NASHVILLE, Tenn. -- The Nashville Predators have signed forward Austin Watson to a three-year $3.3 million deal keeping him under contract through 2019-20.

The Predators announced the deal Monday.

Watson will earn $1 million this season, $1.1 million in 2018-19 and $1.2 million in the third year.

The 25-year-old forward is coming off his best season yet with Nashville. The 6-foot-4, 204-pound Watson had a career high with five goals and seven assists in 77 games this past season. Watson scored four goals and had nine points in 22 playoff games helping Nashville reach the Stanley Cup Final.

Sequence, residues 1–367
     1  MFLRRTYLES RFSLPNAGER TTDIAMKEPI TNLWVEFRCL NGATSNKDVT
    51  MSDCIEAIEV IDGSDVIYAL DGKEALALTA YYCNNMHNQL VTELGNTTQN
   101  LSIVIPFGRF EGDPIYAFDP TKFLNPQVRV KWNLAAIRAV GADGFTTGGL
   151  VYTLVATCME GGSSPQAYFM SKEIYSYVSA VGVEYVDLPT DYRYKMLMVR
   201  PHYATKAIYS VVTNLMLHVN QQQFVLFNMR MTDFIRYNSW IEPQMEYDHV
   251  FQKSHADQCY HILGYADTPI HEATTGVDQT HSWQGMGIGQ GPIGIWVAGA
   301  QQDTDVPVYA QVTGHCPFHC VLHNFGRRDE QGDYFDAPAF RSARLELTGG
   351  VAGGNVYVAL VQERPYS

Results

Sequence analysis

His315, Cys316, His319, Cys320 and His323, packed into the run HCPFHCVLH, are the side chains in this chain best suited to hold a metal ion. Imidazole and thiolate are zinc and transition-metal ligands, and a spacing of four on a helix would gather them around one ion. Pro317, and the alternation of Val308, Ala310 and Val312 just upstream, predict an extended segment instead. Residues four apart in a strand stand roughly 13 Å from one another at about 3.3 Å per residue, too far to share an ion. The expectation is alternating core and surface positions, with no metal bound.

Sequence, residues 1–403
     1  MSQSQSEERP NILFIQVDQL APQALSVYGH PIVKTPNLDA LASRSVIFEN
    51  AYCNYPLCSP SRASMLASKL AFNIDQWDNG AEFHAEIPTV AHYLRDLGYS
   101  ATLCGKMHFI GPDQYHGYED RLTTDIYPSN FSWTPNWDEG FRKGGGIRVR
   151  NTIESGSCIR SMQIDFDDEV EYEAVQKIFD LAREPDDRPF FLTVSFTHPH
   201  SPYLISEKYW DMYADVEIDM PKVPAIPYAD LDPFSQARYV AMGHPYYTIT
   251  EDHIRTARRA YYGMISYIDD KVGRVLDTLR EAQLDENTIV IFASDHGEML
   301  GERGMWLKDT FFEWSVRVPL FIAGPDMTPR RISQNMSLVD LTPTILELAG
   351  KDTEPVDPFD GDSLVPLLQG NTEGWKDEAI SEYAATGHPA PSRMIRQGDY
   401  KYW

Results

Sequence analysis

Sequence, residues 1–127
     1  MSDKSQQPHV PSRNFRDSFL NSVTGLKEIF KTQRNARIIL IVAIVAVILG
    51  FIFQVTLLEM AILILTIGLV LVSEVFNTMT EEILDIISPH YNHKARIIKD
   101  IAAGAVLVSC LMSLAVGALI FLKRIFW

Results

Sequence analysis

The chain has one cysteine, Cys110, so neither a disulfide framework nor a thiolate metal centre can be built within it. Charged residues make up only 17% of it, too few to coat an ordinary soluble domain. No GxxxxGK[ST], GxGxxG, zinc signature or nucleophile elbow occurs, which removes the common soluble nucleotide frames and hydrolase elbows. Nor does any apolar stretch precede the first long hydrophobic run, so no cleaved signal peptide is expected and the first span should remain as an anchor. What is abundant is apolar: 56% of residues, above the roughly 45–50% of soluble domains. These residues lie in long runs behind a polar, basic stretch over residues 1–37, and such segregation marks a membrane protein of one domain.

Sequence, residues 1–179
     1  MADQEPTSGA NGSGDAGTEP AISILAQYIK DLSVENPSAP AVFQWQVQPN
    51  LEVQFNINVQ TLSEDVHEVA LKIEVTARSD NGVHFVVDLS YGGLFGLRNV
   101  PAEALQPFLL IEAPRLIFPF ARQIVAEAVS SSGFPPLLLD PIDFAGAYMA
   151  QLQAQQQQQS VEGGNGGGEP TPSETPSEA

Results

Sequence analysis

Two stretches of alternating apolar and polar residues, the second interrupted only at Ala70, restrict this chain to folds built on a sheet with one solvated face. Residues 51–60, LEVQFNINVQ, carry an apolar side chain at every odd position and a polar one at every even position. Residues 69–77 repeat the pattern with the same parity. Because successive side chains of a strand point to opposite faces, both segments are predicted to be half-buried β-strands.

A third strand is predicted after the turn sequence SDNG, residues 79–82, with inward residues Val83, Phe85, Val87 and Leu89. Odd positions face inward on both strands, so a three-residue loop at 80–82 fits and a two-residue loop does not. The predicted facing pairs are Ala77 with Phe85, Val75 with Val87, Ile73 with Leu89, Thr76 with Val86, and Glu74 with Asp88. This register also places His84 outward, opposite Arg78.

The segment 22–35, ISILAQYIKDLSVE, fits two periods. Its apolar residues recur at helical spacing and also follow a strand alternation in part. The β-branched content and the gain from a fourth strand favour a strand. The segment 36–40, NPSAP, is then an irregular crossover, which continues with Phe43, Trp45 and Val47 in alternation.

The 18th pick overall in the 2010 draft, Watson had three goals and 10 points in 57 games during the 2015-16 season.

Now, center Ryan Johansen is Nashville's lone restricted free agent awaiting a new deal.

Sabres: Okposo says he’s healthy after concussion
BUFFALO, N.Y. -- Sabres winger Kyle Okposo said he is fully healthy after a concussion led to sleeping trouble, significant weight loss and a trip to intensive care last March.

Okposo missed the final few weeks of Buffalo's season with a previously undisclosed illness. In a letter posted on the team's website Monday, Okposo said a routine hit in practice caused his mood to change and other problems that required hospitalization.

The 29-year-old said he lost his appetite, had a negative reaction to sleep medications and that at one point he weighed less than 200 pounds. He spent time in the Neuro Surgical ICU at Buffalo General Hospital to be stabilized. Okposo's playing weight is listed at 218 pounds.